Each body paragraph should cover a separate point, and the sentences of each paragraph should offer strong evidence in the form of facts, statistics, quotes from experts, and real-life examples. The Secret to Good Paragraph Writing Consider various ways to make the argument, including using an analogy, drawing comparisons, or illustrating with hypothetical situation e. Define terms and give background information. The concluding paragraph should summarize the most important evidence and encourage the reader to adopt the position or take action.
The closing sentence can be a dramatic plea, a prediction that implies urgent action is needed, a question that provokes readers to think seriously about the issue, or a recommendation that gives readers specific ideas on what they can do. Revising the Persuasive Essay In the revision phase , students review, modify, and reorganize their work with the goal of making it the best it can be. Keep these considerations in mind: Does the essay present a firm position on the issue, supported by relevant facts, statistics, quotes, and examples?
Does each paragraph offer compelling evidence focused on a single supporting point? Is the opposing point of view presented and convincingly refuted? Is the sentence structure varied?
Is the word choice precise? Editing the Persuasive Essay Next, proofread and correct errors in grammar and mechanics, and edit to improve style and clarity. Publishing the Persuasive Essay Sharing a persuasive essay with the rest of the class or with family and friends can be both exciting and intimidating.
If you think it will be hard to come up with arguments against your topic, your opinion might not be controversial enough to make it into a persuasive essay. On the other hand, if there are too many arguments against your opinion that will be hard to debunk, you might choose a topic that is easier to refute.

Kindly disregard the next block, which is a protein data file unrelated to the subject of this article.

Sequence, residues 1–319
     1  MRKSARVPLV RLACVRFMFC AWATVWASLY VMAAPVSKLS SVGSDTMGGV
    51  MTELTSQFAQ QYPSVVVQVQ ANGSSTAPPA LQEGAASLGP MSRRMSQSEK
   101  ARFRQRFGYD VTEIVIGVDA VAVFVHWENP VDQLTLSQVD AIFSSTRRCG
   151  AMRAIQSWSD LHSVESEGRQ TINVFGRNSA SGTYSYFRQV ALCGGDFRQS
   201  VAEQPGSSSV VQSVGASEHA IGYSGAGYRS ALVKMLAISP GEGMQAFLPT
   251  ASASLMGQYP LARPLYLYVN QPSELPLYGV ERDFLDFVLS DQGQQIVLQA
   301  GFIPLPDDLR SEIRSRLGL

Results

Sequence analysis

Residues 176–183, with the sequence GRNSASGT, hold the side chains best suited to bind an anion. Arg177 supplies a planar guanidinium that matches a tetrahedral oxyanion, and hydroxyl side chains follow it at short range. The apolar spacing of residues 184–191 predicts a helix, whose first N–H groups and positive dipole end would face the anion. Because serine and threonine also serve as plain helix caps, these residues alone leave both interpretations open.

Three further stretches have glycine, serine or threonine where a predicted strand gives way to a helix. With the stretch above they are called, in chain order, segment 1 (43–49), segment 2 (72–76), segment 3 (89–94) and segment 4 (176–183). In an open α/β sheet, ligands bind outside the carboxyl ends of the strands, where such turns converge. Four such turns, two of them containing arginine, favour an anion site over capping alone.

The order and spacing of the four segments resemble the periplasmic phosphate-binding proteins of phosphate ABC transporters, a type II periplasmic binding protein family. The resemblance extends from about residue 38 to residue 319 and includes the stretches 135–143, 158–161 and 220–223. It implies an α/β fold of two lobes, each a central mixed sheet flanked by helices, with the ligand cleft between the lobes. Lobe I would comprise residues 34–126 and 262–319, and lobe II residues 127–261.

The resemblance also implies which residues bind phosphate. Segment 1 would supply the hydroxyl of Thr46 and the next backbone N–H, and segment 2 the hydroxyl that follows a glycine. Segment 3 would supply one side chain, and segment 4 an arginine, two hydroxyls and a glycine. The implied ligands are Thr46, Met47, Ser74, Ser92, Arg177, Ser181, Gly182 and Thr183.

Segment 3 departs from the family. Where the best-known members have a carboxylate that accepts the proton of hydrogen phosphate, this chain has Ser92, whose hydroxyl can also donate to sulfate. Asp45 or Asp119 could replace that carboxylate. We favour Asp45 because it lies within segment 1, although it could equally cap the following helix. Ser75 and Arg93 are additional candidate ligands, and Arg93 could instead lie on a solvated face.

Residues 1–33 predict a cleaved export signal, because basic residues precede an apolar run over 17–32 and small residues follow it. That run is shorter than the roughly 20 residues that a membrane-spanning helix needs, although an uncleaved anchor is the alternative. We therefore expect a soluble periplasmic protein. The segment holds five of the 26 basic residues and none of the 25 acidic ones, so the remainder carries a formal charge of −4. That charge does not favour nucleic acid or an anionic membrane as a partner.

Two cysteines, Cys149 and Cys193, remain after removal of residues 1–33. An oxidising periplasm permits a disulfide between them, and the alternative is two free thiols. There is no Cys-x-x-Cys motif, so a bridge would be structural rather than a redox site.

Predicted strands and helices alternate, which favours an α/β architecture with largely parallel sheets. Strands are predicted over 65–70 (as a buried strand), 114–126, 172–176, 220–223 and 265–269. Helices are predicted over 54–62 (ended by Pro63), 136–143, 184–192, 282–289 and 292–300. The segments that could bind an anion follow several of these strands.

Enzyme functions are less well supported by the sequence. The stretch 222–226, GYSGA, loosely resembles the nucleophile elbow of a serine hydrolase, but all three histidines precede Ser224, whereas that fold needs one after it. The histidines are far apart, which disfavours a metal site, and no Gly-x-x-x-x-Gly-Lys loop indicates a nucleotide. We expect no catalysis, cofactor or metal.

Make sure you can remain balanced. A good persuasive essay will consider the counterarguments and find ways to convince readers that the opinion presented in your essay is the preferable one. Keep your focus manageable. Your essay is likely to be fairly short; it may be 5 paragraphs or several pages, but you need to keep a narrow focus so that you can adequately explore your topic. For example, an essay that attempts to persuade your readers that war is wrong is unlikely to be successful, because that topic is huge.
Choosing a smaller bit of that topic -- for example, that drone strikes are wrong -- will give you more time to delve deeply into your evidence. Come up with a thesis statement. Your thesis statement presents your opinion or argument in clear language.
It is usually placed at the end of the introductory paragraph. For example, a thesis statement could look like this: It is important for schools to provide fresh, healthy meals to students, even when they cost more. You do need to convey exactly what you will argue.
Once you have chosen your topic, do as much preparation as you can before you write your essay. This means you need to examine why you have your opinion and what evidence you find most compelling. Start with your central topic and draw a box around it. Then, arrange other ideas you think of in smaller bubbles around it. Connect the bubbles to reveal patterns and identify how ideas relate. Generating ideas is the most important step here.